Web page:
The importance of speed management
When drivers travel at higher speeds, they need more time to react when they perceive changes in the road environment ahead. Once the brakes are applied, the distance required to stop the vehicle is directly related to the vehicle speed at the moment of braking and the vehicle weight; Higher speeds and heavier vehicles simply take longer to stop, so these factors consequently lead to an increased likelihood of collision. Speed also affects the severity of a collision. The force experienced in a collision is directly related to the speed at the time of the collision: "The energy release is proportional to the square of the impact speed," according to the Transportation Research BoardSpecial Report 254: Speed Management - Review of current practice for setting and enforcing speed limits🇧🇷 These factors demonstrate how effective speed management using the Safe System Approach, defined as kinetic energy management, can help reduce serious injuries and fatalities related to speeding.
This graph shows distance traveled for Perception/Reaction and Stop by Velocity. As soon as the driver starts to react, the vehicle covers a greater distance during an evasive manoeuvre, the driver is less able to avoid objects on the road, the risk increases that "an evasive maneuver will lead to a loss of control". ’ and more stopping distance is required.
Speed management is an approach that focuses on achieving safe mobility by setting appropriate speed limits, reducing speeding, and reducing and/or mitigating the impact of speeding-related accidents. The goal of the U.S. Department of Transportation's speed management program is to improve public health and safety by reducing speed-related deaths and injuries and providing a better safety experience for all road users. The following key speed management strategies and activities to achieve the USDOT Speed Management Program goal have been identified by the USDOT Intermodal Speed Management Team, which consists of NHTSA, FHWA and the Federal Motor Carrier
- Develop and implement court-wide speed management programs and plans.
- Describe how to set safe, consistent, and enforceable speed limits based on the presence of all road users and context, not just the operating speed of drivers.
- Apply safety best practices to achieve safe speeds for the safety of all road users.
- Enhance accident data reporting forms with targeted speeding-related accident reports that provide consistency and focus on identifying contributing factors.
- Implement enforcement through transparent, highly visible activities, educational programs and awareness campaigns, rather than focusing solely on enforcement.
- Consider equity in agility when making managerial decisions.
The team is currently updating the USDOTOperating guidelines for speed enforcement systems.The updated guide is expected to be renamedPlanning and operating guide for speed camera programsand will emphasize that speed cameras are an effective countermeasure to improve safety by controlling traffic speed.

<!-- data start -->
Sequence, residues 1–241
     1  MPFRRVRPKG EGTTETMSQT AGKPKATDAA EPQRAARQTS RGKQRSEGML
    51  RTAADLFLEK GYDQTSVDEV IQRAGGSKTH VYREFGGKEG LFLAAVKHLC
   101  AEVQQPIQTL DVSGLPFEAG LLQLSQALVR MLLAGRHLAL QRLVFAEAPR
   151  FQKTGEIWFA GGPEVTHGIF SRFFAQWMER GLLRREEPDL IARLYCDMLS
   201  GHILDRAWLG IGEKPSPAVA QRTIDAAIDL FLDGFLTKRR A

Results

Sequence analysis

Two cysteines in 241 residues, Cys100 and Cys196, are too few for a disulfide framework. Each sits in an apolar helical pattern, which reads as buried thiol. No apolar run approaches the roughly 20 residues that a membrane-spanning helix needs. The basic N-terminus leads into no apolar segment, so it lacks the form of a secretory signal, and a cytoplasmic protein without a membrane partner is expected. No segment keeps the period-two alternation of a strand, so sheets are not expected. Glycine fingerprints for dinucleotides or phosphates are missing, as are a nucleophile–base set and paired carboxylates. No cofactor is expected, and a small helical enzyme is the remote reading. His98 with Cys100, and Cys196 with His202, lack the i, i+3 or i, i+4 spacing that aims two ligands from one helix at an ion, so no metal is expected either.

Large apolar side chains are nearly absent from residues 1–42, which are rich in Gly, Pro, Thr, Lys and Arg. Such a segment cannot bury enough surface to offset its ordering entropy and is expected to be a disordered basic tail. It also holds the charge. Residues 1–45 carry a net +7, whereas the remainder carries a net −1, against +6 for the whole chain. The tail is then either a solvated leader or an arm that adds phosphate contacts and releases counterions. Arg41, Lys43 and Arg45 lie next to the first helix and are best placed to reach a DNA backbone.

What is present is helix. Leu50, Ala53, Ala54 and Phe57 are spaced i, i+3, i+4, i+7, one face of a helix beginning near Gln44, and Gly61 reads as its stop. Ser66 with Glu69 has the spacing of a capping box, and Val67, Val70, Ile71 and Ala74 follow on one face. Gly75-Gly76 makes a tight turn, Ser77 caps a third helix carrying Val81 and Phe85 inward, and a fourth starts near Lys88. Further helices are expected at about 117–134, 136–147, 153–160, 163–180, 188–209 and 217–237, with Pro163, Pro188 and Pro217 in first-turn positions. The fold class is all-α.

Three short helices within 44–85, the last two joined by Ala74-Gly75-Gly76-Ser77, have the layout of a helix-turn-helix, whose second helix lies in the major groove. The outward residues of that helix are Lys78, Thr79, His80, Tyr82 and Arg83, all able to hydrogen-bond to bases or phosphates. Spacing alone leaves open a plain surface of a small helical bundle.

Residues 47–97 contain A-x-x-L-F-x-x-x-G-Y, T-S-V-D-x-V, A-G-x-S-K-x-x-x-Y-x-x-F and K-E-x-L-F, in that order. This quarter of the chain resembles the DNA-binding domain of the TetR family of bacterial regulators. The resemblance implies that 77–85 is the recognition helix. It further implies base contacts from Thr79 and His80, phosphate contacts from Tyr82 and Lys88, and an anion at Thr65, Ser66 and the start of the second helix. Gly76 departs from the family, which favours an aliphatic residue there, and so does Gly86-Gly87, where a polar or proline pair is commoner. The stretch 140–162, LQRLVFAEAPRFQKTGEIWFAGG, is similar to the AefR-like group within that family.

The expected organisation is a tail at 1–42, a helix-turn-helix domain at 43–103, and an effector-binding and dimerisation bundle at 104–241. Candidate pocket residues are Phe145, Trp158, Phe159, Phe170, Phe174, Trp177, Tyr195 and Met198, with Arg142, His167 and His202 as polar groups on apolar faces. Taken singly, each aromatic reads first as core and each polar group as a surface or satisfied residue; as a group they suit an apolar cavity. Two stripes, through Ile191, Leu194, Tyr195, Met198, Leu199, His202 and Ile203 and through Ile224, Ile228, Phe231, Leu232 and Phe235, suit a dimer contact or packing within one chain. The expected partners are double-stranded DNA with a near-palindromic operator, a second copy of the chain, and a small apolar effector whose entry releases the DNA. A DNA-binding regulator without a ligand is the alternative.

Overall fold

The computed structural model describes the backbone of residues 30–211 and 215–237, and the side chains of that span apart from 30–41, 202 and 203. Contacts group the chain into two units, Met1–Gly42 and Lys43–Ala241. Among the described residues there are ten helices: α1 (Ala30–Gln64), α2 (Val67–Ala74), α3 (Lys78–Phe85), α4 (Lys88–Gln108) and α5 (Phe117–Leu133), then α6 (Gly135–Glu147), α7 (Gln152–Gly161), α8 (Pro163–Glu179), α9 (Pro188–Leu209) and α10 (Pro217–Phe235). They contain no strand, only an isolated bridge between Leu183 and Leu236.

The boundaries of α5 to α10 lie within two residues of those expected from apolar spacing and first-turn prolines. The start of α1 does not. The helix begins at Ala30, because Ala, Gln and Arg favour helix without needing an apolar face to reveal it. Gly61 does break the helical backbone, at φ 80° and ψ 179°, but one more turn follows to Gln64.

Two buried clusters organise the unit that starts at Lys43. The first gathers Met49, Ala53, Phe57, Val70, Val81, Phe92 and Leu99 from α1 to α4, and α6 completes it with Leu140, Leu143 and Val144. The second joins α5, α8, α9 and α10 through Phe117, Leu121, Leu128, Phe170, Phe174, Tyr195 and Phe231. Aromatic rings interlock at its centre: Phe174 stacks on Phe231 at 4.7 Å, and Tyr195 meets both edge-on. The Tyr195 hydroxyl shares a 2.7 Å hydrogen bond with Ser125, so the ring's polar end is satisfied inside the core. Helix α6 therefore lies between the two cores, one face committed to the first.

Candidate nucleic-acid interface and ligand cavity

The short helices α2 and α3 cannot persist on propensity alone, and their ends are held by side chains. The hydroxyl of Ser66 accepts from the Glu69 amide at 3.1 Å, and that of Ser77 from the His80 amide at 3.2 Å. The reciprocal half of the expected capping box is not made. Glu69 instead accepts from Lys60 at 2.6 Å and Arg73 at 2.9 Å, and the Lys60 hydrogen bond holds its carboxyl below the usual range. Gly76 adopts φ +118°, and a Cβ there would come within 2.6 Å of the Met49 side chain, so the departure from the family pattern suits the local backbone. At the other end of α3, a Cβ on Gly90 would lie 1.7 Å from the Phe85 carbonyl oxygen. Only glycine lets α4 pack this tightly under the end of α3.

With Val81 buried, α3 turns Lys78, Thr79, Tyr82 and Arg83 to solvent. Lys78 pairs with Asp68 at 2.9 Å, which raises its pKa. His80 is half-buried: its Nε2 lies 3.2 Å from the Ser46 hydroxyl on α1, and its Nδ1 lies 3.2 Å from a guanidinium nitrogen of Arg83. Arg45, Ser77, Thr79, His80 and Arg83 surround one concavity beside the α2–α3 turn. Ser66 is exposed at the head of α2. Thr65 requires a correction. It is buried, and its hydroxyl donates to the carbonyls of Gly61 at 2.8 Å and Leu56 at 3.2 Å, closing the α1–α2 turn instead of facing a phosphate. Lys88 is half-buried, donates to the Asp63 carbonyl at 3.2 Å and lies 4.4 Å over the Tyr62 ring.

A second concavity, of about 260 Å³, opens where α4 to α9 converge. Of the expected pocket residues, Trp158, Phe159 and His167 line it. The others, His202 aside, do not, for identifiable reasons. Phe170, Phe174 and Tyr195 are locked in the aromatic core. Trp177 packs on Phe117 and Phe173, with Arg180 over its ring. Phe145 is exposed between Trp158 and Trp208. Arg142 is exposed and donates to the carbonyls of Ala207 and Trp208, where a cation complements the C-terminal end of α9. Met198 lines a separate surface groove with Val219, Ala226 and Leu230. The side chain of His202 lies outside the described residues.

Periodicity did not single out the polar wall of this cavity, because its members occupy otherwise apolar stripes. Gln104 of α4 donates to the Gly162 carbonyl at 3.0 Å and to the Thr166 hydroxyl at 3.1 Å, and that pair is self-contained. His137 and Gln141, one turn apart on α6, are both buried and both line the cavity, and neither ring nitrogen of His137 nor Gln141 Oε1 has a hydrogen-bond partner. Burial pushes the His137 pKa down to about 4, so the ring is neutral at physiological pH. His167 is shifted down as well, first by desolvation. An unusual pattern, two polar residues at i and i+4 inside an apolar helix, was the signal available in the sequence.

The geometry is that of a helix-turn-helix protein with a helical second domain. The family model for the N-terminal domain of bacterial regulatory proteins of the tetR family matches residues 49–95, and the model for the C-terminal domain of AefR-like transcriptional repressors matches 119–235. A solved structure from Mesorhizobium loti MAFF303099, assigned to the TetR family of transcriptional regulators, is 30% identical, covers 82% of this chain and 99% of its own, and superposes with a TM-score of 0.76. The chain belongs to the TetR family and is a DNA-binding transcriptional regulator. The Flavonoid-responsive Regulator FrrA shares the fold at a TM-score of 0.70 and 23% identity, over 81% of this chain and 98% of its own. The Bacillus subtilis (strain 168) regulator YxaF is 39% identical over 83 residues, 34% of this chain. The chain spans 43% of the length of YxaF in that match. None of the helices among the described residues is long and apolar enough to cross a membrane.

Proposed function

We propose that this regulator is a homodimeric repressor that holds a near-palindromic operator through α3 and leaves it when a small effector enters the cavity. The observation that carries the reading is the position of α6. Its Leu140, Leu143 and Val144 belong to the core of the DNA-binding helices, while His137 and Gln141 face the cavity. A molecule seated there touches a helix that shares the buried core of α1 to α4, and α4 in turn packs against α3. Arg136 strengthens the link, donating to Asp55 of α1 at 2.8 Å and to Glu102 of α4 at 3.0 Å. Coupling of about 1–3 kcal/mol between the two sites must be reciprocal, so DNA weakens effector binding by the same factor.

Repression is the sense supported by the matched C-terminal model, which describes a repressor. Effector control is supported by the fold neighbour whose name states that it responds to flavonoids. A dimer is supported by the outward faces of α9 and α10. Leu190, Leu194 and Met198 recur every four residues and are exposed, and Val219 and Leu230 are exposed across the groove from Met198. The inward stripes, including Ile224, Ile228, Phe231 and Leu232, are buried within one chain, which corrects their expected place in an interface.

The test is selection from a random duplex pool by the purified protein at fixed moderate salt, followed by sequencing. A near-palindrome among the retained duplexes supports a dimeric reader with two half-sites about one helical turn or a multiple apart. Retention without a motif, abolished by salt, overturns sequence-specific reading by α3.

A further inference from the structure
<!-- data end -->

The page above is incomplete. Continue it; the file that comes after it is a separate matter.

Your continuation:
Notable safety programs recognize safe speeds as a key factor in achieving the goal of zero fatalities and serious injuries. All Zero Death programs relate to the safe systems approach to achieving safe speeds and the need to create a positive road safety culture and improve driver behavior as part of effective speed management.
The safe speed element of the safe systems approach can be achieved through a comprehensive speed management program. There are challenges and opportunities when considering speed management in relation to the Safe System Approach. This includes how to set safe speeds consistently in all contexts, how to effectively set safe speed limits that are not solely dependent on the driver's operating speed, how to effectively achieve a target speed using road geometry, and how to incorporate the concepts of kinetic energy force - and speed harmonization in existing speed management policies. To address the challenges, FHWA and the Institute of Transportation Engineers (ITE) are jointly developing additional capabilities as speed management practices shift to the application of the Safe System Approach.
The City of Portland, OR, has introduced a new speed limit of 20 miles per hour on nearly 70% of the city's streets as part of a comprehensive speed management program.
FHWA: Work towards a better understanding and management of velocity
Speeding and speed management are complex, cross-sectoral challenges that involve the interplay of many factors, including effective road design, posted speed limits, political climate, road user behavior, enforcement strategies, and court decisions. Collaboration is key to combating speeding as a safety issue. National agencies and organizations such as FHWA, NHTSA and ITE provide resources and technical support for safety through speed management.